Dan: Yeah, because I – and I think with that, too, like whether it’s things like the coffee shop, for instance, there was definitely some leading towards that where people were like, okay, you can see the opportunity there. 


But, yeah, I mean, it’s such a fascinating time. One, it’s almost impossible to keep up with all of the new changes that are happening but when you are in the position you’re in, it’s literally like you could do whatever, right? And it’s truly a bit more like, Okay, what am I a bit more interested in –


Issa: Exactly that, like I don’t let him to just do whatever and I’ve said that. There’s something that’s coming out soon next year that I’m really excited about, that is a venture in that way, where I’m kind of like, this is kind of the last thing that I wanna put my weight behind in a way that I really believe it. 


I don’t wanna, you know, I do get opportunities to obviously sell certain things and put my name on certain things, but I only wanna do things that, you know, that I believe in and that I want for myself and that’s been my model, even for the things that I make and the content that I create, like what do I really wanna watch? What do I miss? 


And the businesses that I ultimately invest in, what do I actually need and what do I want to have control over in some way? So, beyond this, I’m not sure that – I also don’t wanna be the person who just sells everything like the Chucks, I wear Chucks all the time, I wanted my own shoe, did that. 


The coffee shop, obviously, like that has been a life — that’s been a dream of mine. Lifelong is too long but, you know, since college, and have been able to do that and make sense. Hair is such a big part of my journey and hair care and I just – I only wanna continue to do things that get me as excited as those things.


Dan: Definitely, yeah, that and it ties back to your brand, right? You have a very identifiable persona of like people can be like, Oh, I could see Issa doing this, I could not see Issa doing that and –


Issa: Right.


Dan: — I think that, you know, as long as people aren’t as – going as wild as they may be about Insecure plot developments as they do about that, I think you’ll be in good shape there. 


Issa: Hopefully. 


Dan: Yeah. All right, well, we’re getting to the tail end here but before we let you go, you already announced a few things and I know you can’t announce a bunch of stuff, things are under wraps, but what are some things that we should keep a lookout for in 2022? 


Issa: Oh, you can look out for Rap Sh*t which we just finished a couple of weeks ago, and that is airing in 2022. We’re really excited about Project Greenlight that’s underway. We’re trying to narrow down these directors and also, excuse me, I’m trying to figure out the judging panel and the people who will be kind of shaping the series and mentors alongside.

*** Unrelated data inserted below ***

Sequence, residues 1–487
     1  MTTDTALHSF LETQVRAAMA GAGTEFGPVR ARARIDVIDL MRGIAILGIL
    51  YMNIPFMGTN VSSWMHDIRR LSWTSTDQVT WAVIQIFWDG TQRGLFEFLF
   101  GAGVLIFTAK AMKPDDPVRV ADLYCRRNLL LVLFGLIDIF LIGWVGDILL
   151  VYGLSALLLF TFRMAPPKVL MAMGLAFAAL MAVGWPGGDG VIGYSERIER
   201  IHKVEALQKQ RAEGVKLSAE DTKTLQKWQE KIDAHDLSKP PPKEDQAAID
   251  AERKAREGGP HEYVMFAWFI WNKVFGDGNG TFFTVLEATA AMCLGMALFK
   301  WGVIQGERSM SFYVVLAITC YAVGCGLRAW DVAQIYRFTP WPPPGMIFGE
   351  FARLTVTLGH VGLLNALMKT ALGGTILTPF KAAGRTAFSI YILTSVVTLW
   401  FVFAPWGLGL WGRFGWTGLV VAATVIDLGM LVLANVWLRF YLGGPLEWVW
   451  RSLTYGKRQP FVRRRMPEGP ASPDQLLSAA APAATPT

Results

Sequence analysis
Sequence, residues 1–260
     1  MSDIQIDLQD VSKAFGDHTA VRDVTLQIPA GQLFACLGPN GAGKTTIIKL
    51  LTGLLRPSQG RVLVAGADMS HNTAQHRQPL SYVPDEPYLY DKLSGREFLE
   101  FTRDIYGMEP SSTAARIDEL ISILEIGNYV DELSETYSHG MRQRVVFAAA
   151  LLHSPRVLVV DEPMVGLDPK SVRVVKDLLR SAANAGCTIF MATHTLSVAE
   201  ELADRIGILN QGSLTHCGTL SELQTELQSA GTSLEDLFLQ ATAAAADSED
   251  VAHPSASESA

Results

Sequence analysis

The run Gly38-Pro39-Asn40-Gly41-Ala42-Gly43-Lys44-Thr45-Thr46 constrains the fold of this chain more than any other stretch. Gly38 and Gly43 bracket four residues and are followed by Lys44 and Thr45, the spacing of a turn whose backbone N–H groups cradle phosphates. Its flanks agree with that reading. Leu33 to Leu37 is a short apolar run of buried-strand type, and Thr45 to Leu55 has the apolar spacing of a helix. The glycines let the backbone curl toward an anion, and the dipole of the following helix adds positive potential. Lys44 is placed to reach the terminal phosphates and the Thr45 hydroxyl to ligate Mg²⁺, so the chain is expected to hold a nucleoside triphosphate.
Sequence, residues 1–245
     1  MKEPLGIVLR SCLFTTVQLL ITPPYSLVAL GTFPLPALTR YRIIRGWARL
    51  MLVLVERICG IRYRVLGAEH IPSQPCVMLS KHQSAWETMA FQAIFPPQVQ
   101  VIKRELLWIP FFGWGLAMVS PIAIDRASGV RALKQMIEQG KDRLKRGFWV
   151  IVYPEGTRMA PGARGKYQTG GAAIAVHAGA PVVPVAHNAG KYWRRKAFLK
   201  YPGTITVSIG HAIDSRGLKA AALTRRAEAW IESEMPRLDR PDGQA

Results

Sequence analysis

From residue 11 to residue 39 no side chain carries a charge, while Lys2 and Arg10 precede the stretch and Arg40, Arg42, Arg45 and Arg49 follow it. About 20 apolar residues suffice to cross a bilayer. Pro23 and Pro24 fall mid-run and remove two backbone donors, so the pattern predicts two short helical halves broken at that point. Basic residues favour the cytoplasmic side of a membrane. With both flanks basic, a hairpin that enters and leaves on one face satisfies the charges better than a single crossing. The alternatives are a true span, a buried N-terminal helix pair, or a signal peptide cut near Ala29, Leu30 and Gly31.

And then really just like trying to lock down the feature film side and what I want my next written project to be. A couple of things – I’m so sorry – are in the works but I just really wanna be precious about what HOORAE’s film debut is gonna be. 


And so I’m hopefully figuring that out over the break. But most exciting, I’m taking like all of January off and I’m just hyped to be gone and be with myself.


Dan: Nice. I hear that. Are you going anywhere or you’re just chilling in – or you’re just chilling for the month of January?


Issa: All of the above.


Dan: Good stuff. Good stuff. Well, Issa, excited for next year, excited for Rap Sh*t and everything else you got on deck and appreciate you making time for this. It’s always great, especially to talk to the people that have been a focus in terms of not just what Trapital is building but in terms of the and so relatable to everything. So, thank you for that. Appreciate it.


Issa: Thank you for following the journey and showcasing it and thank you for all you do and the highlighting. You know, creatives and business throughout. You’re doing spectacular work so pleasure to talk to you.


Dan: Thank you. Likewise. Appreciate that.


Issa: Have a good one.


Dan: You too.

Dan Runcie

Dan Runcie

Founder of Trapital

Share this episode:

Share on facebook
Share on twitter
Share on linkedin
Share on whatsapp
Share on email

Listen and follow to the Trapital Podcast:

"The stuff that Trapital puts out is fantastic. Really interesting insights into the industry, artists trends, and market trends."
Mike Weissman
Former CEO, SoundCloud
“You tell the true stories. Not just the end product, but how you get to the end product. Your point of view on it is dope.”
Steve Stoute
CEO, UnitedMasters and Translation

Subscribe to the Trapital Podcast

More from Trapital

Get updates on new Trapital episodes, upcoming guests, listener Q&As, and more.